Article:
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Cultivating the Seeds: Flowers and Intellect

Too often, viewers instinctively assign still-life paintings with the theme of vanitas, a Latin term that means “vanity.” This theme signifies life’s evanescence, or the relentless passing of time, and it manifests itself in a variety of objects, including but not limited to skulls, timepieces, books, globes, musical scores, and flowers. Arguably, flowers have the strongest “vanitas connotation due to their brief life span: barely do they come to full bloom when they soon begin to wither” (note 1). Therefore, flower still-life paintings inevitably become emblems for the transience of life. Only examining these paintings for their iconographical meaning of mortality would undermine their greater purpose as rich historical and cultural documents. Paul Taylor reminds his reader: “paintings, then as now, could be appreciated for the visual satisfaction they gave, as well as for the significance they might have had over and above their pictorial qualities. This simple fact has tended to be obscured in recent studies of […] Dutch flower painting, amid the flurry of excitement about iconography and meaning” (note 2). Floral paintings are, indeed, ripe with instances of iconography and vanitas, but they offer much more upon a closer look. A new theme can be found within each of the five works on display in this exhibition – the theme of cultivation. 

While not readily apparent at first glance, the theme of cultivation manifests itself in two primary forms throughout the selected art pieces, and arguably throughout the genre as a whole. First, it references the horticultural cultivation that was required of the gardeners and artists to attain the specimens painted on the canvas. In such a way, it gives credence to the entire growth process from start to finish, from the time a seed germinates in the soil to the moment its blossom is plucked from the Earth to become part of an artist’s composition. The second, and most powerful, way in which this theme of cultivation appears is intellectually, as a metaphor for the acquisition of knowledge. In the seventeenth and eighteenth centuries, although there existed a widespread trend toward a global acquisition of knowledge, the practice of collecting flowers remained exclusive. Flowers were natural objects and painted subjects reserved only for the most intellectually cultivated thinkers of the period, but this twenty-first-century exhibition seeks to level the walls of exclusivity built within this genre of painting long ago, granting all viewers the opportunity to fully understand flower still lifes. Perhaps this access will engender a modern-day culture of cultivation that focuses its attention on understanding flower paintings beyond their surface beauty. To fully appreciate these works of art, however, one must first cultivate a desire to invest in their deeper meaning.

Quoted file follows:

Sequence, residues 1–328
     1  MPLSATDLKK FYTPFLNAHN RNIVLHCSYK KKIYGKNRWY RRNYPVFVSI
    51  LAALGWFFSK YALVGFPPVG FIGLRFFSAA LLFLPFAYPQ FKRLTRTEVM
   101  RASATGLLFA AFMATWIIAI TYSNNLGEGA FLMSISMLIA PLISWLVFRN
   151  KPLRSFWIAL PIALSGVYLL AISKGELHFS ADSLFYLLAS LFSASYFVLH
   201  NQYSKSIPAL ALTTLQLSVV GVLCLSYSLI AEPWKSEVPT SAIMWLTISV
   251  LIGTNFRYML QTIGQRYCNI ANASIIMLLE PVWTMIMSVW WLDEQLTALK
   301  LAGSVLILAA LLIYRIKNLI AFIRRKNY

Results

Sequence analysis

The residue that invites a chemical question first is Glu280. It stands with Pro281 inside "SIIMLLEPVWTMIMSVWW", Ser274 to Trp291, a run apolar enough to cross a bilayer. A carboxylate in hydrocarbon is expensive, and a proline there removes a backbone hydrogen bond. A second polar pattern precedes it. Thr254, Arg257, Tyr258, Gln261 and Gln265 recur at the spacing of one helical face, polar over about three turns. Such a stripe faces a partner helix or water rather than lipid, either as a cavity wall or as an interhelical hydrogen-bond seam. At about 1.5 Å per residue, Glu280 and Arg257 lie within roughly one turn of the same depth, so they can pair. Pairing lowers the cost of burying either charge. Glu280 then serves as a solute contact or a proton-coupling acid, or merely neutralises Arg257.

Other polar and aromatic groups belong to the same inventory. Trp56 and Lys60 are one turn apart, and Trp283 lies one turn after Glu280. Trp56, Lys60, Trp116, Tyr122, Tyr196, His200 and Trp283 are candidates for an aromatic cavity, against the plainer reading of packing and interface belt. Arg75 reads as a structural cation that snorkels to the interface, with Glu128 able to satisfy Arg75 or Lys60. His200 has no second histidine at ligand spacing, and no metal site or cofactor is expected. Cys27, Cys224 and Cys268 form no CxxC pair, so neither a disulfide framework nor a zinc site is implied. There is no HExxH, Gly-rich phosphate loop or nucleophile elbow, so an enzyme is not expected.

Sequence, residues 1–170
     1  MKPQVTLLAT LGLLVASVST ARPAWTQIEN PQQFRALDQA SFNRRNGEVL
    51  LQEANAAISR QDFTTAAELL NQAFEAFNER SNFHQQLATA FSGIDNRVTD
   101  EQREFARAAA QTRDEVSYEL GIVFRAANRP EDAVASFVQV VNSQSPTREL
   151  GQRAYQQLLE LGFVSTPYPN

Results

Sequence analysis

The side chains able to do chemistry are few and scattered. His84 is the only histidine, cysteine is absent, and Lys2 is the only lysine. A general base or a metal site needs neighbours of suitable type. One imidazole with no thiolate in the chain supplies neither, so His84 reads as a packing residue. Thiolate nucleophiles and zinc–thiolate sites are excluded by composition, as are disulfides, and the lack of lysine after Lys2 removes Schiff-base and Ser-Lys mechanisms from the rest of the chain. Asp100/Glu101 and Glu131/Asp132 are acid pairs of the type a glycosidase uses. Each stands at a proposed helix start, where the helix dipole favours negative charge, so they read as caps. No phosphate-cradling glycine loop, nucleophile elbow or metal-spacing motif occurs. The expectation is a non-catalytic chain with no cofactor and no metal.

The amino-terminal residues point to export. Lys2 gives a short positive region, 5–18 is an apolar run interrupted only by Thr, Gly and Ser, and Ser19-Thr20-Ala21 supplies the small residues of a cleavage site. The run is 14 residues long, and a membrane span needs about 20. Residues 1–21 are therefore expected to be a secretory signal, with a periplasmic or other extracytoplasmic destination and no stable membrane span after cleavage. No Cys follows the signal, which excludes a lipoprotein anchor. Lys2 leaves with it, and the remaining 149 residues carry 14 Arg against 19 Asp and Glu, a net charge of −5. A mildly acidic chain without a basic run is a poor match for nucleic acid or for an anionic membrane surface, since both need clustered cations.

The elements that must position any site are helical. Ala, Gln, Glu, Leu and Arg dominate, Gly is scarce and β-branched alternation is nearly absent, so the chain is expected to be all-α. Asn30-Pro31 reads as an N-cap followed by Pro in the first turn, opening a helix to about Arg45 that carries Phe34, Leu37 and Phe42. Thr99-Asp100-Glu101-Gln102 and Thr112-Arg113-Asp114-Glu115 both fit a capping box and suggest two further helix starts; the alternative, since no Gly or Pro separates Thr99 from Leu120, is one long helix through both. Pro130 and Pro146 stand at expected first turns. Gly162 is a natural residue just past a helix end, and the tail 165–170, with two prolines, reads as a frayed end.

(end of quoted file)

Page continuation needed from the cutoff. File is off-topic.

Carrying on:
note 1. Sander, Jochen. The Magic of Things: Still-Life Painting, 1500-1800. Ostfildern: Hatje Cantz Verlag, 2008. 150. Print.

note 2. Taylor, Paul. "The Flower Piece and Dutch Art Theory." Dutch Flower Painting, 1600-1720. New Haven: Yale UP, 1995. 77-113. Print.